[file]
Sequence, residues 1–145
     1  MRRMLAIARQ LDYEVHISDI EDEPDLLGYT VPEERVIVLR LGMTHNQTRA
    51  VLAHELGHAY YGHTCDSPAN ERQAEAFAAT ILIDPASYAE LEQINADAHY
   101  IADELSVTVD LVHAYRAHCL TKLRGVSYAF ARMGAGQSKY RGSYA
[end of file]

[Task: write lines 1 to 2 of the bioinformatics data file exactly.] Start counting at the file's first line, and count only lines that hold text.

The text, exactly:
Sequence, residues 1–145
     1  MRRMLAIARQ LDYEVHISDI EDEPDLLGYT VPEERVIVLR LGMTHNQTRA